By Stuart Rothenberg
If only Canadian-born Michigan Gov. Jennifer Granholm (D) had been born in the United States, many state and national political commentators said a couple of years ago, she might well have become the Democratic nominee for vice president in 2008 or the party’s White House candidate in 2012.
More than a few observers cited Granholm alongside California Gov. Arnold Schwarzenegger (R) as poster children for a constitutional amendment that would allow naturalized American citizens the right to hold the presidency.
Granholm eventually may regain her status as a star of the Democratic Party. But right now, she is more concerned with her political survival in November.
Granholm, the only sitting governor in the nation to be a contestant on “The Dating Game,” faces a formidable challenge from wealthy Republican businessman Dick DeVos, whose father was a co-founder of Amway and whose wife previously chaired the state Republican Party.
An early June EPIC/MRA survey of 600 likely voters conducted for the Detroit News and WXYZ-TV showed the extent of the governor’s problems.
Granholm’s job approval in the poll stood at 40 percent, while 59 percent said they disapproved of her performance. Not surprisingly given those numbers, only 30 percent of respondents said they would vote to re-elect her, while 33 percent said they would vote to replace her.
DeVos held a 48 percent to 40 percent lead over Granholm in the poll, with almost one in five Democrats selecting DeVos over the governor. Ominously, independents preferred DeVos over Granholm 46 percent to 30 percent.
Not everyone believes DeVos’ lead is that large. Some private polling suggests the race is closer, though it confirms that the Republican has the edge and that Granholm has serious electoral problems across the board.
Everyone agrees that Granholm’s greatest problem, and potential downfall, is the state’s economy. The American automobile industry’s illness has become acute, and it has spread to companies that survive off the auto sector.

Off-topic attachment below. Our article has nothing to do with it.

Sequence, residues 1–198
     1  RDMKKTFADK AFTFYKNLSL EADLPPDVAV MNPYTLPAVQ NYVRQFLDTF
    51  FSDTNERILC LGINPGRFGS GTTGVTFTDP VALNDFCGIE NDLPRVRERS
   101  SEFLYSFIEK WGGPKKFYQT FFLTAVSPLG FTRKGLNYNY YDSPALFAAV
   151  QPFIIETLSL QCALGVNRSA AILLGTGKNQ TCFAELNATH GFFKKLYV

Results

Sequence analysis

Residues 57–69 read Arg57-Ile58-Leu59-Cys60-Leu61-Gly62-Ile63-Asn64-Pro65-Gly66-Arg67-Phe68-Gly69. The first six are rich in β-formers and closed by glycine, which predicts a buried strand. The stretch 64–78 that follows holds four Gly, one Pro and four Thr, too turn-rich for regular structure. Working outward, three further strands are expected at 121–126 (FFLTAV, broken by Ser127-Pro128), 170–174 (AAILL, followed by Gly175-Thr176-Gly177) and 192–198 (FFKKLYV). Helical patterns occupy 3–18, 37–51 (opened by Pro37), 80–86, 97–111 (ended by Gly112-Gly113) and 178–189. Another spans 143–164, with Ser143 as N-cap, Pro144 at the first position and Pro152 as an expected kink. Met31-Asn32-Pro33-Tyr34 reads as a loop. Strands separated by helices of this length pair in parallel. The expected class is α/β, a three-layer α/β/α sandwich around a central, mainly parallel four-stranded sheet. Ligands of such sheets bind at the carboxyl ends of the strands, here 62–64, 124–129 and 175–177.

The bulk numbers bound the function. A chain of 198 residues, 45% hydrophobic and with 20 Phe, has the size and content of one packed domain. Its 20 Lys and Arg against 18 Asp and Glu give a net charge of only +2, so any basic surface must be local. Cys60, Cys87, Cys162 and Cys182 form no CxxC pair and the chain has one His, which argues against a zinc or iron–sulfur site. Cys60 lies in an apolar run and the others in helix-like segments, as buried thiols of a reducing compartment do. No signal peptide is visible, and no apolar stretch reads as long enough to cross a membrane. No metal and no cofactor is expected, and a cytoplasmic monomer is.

“I’ve never seen an issue pop as consistently and to the exclusion of other issues as the economy in Michigan,” one veteran insider told me recently. “It has been building for two years.”
DeVos went up on television with paid advertising in March, with help from his own checkbook, and he has been on the air ever since. And he is likely to continue the air assault all the way to November, without a major break.
Democrats who know the state and are watching the race closely blame Granholm for spending too much time “listening” and for not being nearly aggressive enough in dealing with the state’s economic problems.
One Democratic political veteran, who says DeVos “isn’t a great candidate,” admiringly adds that the Republican has performed well in his own ads and that he has successfully “presented himself as someone who understands [the state’s economic problems] and is going to do something.” Voters want action, and they see DeVos as someone who will act.
Of course, Democrats have yet to launch an all-out assault on the GOP candidate, and Republicans already say they know what will be coming. They predict that Granholm will attack DeVos for allegedly “outsourcing” U.S. jobs and therefore for being part of the state’s problem, not its solution.
Granholm already has tried to blame President Bush for the state’s economic condition, and she is sure to return to that argument. But she is also likely to emphasize her proposals to deal with creating more jobs in the state.
Republicans are expecting a strong counterattack. As one DeVos ally joked, “We’d be happy to have the election next week.”
But Republicans have to feel that they are fortunate to be in the position that they are, with a one-time star of the Democratic Party now scrambling to survive past November.
Given the state’s fundamental partisan alignment, Granholm surely has the ability to recover and re-establish herself as the frontrunner in the race. But for now, it’s up to the governor to attack DeVos, and he has the resources to answer her attacks and launch new ones of his own.
Finally, Granholm’s problems should serve as a warning to those in the media who become enamored with a new political face and immediately turn that person into a political icon. Officeholders must prove themselves every day, and true political stardom, if there is such a thing, takes years to develop.
This column first appeared in Roll Call on June 19, 2006. Copyright 2006 © Roll Call Inc. All rights reserved. Reprinted with permission.
Thursday, June 22, 2006
By Stuart Rothenberg